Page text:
Flautist, guitarist, songwriter and singer Ian Anderson formed Jethro Tull in 1967. With its signature mix of hard and progressive rock, folk and other styles, the band has enjoyed sustained critical and commercial success. While the personnel has changed often over the years, the group has always been a vehicle for the artistic vision of leader and mainstay Anderson. Tull is currently on tour in support of its 23rd studio album, RökFlöte. Between dates, Anderson spoke with me, sharing his thoughts on everything from getting older to the usefulness of today’s beyond-stereo audio formats.
You celebrated your 76th birthday in August. To what degree has getting into late middle age led you toward the bigger universal themes addressed on both 2022’s The Zealot Gene and this new record, RökFlöte?
Ian Anderson: Well, I’m sure that [aging] impacts upon many people in their lives. They start to ponder their own mortality and those of people around them who are either dropping like flies or at least not feeling terribly well. Recently I had to attend the funeral of my next door neighbor who died. So it happens all the time.
But those sort of themes have probably been with me to some degree since the very early 1970s; it’s not something new. Yet perhaps there is some resolve as you get older to try and deal with subjects that have a degree of seriousness and importance rather than frivolous pop songs. I think that’s the way it is maybe for other people; I have really no idea: I don’t listen to other people’s music, so I have no foggy idea what other people are up to. But I think that [among] people I know who are not musicians or involved in the music industry, it’s quite common that you start to ponder things when you get into a period of your life where you know that the end is, if not in sight, somewhere around a dark corner.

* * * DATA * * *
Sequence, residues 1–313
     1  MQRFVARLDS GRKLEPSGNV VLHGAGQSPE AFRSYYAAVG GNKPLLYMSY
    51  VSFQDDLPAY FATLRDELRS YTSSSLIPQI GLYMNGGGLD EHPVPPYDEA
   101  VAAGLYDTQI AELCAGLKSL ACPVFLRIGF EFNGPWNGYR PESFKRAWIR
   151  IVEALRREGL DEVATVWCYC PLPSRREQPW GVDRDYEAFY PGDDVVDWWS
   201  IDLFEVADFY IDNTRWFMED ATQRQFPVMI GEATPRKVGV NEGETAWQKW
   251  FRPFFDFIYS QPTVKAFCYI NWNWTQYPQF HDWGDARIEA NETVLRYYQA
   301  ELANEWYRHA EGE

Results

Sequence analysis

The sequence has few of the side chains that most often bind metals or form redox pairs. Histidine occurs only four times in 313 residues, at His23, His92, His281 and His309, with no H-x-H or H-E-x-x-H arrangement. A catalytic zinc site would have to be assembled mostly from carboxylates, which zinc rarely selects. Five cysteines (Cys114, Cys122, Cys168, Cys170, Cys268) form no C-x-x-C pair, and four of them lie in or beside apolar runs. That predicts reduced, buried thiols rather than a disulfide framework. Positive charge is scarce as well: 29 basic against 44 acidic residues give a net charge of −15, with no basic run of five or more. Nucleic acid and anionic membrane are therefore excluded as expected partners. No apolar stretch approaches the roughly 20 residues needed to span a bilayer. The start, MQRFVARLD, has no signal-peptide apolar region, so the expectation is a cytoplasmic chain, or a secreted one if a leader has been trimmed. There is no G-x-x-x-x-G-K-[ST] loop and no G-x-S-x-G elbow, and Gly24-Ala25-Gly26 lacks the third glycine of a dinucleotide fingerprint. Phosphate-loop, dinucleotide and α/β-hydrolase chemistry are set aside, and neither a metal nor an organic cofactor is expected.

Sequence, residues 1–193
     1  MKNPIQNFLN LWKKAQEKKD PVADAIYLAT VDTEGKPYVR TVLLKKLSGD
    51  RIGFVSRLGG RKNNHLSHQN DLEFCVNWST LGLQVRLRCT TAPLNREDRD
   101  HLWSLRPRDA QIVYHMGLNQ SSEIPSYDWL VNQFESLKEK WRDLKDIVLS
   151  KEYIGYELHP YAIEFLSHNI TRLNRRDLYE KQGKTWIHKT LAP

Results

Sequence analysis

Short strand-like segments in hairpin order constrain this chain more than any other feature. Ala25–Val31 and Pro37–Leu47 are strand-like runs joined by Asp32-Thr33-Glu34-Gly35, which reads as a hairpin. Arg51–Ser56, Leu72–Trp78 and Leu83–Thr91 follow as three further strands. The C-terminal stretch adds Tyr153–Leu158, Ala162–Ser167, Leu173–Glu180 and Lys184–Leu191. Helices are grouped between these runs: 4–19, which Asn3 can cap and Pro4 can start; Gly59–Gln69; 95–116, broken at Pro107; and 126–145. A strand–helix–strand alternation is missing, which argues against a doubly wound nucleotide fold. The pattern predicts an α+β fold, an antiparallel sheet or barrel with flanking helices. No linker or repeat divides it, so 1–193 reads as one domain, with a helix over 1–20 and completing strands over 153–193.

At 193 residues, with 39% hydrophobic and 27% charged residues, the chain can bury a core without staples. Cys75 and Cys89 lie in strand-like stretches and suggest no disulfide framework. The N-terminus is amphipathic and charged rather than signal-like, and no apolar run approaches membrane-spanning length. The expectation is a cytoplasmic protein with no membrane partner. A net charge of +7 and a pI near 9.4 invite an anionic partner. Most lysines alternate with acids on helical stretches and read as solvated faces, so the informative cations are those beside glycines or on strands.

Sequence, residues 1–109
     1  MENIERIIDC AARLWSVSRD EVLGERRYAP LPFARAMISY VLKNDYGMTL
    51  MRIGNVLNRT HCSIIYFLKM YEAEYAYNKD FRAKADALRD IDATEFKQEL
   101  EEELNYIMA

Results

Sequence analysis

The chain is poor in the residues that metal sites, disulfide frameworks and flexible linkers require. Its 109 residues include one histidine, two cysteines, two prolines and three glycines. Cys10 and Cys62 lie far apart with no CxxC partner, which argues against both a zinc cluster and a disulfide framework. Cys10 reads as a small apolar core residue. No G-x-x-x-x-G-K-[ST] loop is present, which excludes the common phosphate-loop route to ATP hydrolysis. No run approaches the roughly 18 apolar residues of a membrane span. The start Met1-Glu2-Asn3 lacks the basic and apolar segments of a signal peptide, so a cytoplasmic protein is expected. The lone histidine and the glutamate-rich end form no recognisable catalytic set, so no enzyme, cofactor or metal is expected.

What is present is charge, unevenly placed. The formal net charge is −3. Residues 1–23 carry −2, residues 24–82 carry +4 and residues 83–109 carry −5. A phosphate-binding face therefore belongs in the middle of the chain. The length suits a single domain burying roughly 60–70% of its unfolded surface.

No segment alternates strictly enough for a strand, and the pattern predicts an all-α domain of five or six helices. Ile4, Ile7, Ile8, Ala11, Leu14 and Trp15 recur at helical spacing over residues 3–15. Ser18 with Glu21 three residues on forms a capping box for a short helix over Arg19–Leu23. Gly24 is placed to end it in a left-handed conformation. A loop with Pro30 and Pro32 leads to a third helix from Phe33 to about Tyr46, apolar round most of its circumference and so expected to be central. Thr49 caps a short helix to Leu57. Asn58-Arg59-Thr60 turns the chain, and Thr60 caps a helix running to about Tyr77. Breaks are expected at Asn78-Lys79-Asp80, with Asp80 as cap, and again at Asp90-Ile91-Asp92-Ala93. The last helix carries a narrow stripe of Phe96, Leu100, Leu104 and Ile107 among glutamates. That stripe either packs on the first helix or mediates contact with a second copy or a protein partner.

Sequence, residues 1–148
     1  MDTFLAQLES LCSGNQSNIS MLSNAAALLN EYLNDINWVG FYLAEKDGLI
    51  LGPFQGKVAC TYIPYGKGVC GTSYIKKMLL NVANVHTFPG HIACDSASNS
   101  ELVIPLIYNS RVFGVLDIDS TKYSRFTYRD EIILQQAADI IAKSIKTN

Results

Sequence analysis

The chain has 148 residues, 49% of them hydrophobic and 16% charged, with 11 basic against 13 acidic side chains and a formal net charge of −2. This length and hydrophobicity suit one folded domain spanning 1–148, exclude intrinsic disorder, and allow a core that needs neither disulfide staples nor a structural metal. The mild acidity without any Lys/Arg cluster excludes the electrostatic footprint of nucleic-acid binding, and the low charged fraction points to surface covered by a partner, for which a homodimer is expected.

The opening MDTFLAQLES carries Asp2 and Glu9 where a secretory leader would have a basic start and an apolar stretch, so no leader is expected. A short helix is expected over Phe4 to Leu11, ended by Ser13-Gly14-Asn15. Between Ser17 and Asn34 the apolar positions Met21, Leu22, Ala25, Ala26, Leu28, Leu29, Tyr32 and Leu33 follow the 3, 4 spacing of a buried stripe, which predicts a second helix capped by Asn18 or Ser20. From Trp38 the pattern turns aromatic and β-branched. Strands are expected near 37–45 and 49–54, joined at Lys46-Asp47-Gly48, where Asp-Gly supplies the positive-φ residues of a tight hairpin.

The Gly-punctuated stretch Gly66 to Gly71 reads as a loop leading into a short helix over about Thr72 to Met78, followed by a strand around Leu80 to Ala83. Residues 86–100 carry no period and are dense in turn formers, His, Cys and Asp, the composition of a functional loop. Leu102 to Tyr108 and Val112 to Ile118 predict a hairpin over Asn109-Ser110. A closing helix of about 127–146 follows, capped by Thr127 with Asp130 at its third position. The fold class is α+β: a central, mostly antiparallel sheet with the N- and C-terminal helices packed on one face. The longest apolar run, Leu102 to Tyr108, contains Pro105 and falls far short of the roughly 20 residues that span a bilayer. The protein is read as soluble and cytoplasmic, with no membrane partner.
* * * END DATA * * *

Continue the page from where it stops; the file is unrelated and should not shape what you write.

The RökFlöte deluxe package includes demos. When you were devising the work, how much thought did you put into the eventual live performance of these songs?
For most of my life, the songs [have been] written with the idea that these are performance pieces. Of course, most of them don’t get to be performed on stage; nonetheless, I tend to think of them as performance pieces. So as we go along, I’m trying to envision the way the band will play them live, the way that I will sing them and perform them. And in the case of many of the albums, they’d been rehearsed in the way that we would actually do them as live songs. We’re together in a room playing the music.
And so, with RökFlöte, it was very much done that way. The demos were made to send to the band to give them a useful starting point in coming up with live performance variations on the themes in order to play that in rehearsal, then in the studio to record them, and finally to play them live on stage.
So I really do think about [it]. Particularly on the last few albums, and then going back to other albums like Thick as a Brick (1972), I very much thought in terms of the music being performed live on stage. And they were rehearsed and recorded in a tight frame of a very few weeks.
To be continued…